Tuesday, June 13, 2017

Sansho Miso

Sansho is harvested (see previous post) - now, what to do with it?  Make sansho-miso, of course! I absolutely LOVE this as a dip for raw veggies in the summer.  It is especially wonderful with cucumbers fresh from the garden.  It can be thinned with warm water if you find it too thick.  Or sometimes I had some sesame oil and use it as a salad dressing.  Smear it on some chicken - or put it on eggplant and broil it.  Good stuff!

Now, here's the tough part - six months ago I found out that I am severely allergic to soybeans in every form and even in minute amounts.  Soy is in everything...literally everything. It is hidden in foods you would never imagine and is known by many names. But that's a post for a different time.

Enter my new hero - chickpea miso!  I've tried two different brands and this one is by far the best.  I can't even remember what "real" miso tastes like. And it even fools my Japanese husband, Takashi.

Sansho Miso
1/4 cup sansho berries, crushed or coarsely chopped
3/4 cup miso
1/2 cup sugar
1/4 cup mirin
1/4 cup sake
dash of sesame oil optional

Mix miso, mirin, and sake in a small saucepan and place over low heat.  Add sugar and stir to dissolve.  Add sansho.  Increase heat to medium and boil gently for about 7 minutes.  Remove from heat and add a splash of sesame oil if desired.  As noted above, this can be thinned with warm water to desired consistency.  Enjoy!
Miso eggplant

Miso pickles

Sansho miso dip with fresh vegetables
Blackberry-banana-beet green smoothie on the side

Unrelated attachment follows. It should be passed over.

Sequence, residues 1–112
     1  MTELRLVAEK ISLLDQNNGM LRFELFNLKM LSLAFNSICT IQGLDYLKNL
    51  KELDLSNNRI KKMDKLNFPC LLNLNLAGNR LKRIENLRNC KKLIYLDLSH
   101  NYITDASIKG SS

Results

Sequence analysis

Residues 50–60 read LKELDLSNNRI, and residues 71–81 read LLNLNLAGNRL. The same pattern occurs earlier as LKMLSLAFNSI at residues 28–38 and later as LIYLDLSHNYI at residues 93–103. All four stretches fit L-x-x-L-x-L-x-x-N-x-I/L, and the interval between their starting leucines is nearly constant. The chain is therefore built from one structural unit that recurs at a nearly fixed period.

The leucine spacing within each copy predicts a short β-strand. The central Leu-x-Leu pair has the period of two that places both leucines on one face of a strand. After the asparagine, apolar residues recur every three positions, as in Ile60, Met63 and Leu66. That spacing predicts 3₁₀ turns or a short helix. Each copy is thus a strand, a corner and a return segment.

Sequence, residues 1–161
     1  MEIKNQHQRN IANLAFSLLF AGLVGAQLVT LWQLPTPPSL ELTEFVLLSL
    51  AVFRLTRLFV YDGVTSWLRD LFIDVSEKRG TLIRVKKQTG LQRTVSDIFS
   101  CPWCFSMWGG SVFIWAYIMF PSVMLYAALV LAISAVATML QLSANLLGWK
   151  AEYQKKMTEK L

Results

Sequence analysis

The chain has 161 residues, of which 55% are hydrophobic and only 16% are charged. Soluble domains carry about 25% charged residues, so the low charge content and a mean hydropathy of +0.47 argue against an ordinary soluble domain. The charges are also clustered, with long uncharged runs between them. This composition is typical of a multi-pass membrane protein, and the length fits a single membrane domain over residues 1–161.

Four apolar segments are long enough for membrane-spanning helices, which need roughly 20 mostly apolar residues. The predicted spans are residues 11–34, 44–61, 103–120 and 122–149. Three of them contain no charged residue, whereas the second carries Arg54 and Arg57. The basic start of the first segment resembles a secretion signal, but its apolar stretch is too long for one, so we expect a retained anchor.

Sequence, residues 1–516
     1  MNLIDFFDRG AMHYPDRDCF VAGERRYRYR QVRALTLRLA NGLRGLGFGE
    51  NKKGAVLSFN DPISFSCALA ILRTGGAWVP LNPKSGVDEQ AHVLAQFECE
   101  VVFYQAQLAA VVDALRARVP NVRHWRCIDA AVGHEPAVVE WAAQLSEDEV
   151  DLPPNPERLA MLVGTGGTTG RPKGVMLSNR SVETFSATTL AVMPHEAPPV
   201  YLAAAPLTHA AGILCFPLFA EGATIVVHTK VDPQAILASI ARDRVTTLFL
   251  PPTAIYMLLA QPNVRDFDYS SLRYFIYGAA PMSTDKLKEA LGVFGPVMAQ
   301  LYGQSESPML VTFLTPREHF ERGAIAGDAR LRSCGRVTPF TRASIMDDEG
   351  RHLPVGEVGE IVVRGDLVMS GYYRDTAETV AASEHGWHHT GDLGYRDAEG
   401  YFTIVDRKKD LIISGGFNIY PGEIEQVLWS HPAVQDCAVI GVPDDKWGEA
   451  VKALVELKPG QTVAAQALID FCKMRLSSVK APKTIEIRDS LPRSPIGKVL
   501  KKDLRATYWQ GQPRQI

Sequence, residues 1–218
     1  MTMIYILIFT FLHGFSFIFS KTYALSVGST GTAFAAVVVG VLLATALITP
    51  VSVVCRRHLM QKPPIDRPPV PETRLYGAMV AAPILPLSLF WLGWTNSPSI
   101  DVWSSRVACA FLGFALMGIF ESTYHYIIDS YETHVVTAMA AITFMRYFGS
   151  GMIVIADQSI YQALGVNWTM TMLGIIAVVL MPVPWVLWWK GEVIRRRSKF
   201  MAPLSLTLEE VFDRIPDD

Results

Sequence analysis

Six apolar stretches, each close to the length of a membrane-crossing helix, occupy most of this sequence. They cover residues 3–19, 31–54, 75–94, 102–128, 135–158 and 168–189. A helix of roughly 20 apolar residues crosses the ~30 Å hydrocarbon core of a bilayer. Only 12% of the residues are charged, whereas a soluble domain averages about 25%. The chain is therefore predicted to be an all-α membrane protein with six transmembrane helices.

Sansho harvest

It's sansho harvest time!  And every year we can't remember the process so its time to do a blog post that we can refer back to.

Sansho  ('Zanthoxylum piperitum') or Japanese pepper is a deciduous aromatic spiny tree belonging to the citrus family.  The "berries" can be harvested when green and the taste is unlike anything I've ever experienced. It's like a party in your mouth as the flavor travels and changes...it's not hot and spicy but more tingly and citrusy.  And if you take a drink of cold water after eating some, it awakens all your taste buds all over again.  Amazing!  We primarily use it in miso dip served with fresh veggies. Recipe will follow in a separate post.

early flowering stage before fruit forms
Harvesting sansho

 So here is the process...
1. Bring a pot of heavily salted water to a slow boil.  Use approximately 1 T. kosher salt per liter of water used. Add approximately 2 cups of sansho berries.  Simmer for 4 minutes.
We do the whole batch at once and adjust quantities accordingly.

2. Drain and then soak in cold water for one hour.  This removes any potential bitterness. Drain.

3. Remove large stems - small individual stems are okay to leave. This step takes forever - really, it seems endless!  It takes two of us well over an hour to remove the stems.

4. Dry well on paper towels.

 5. Freeze in individual packets.

Sansho Miso

Sansho miso made with chickpea miso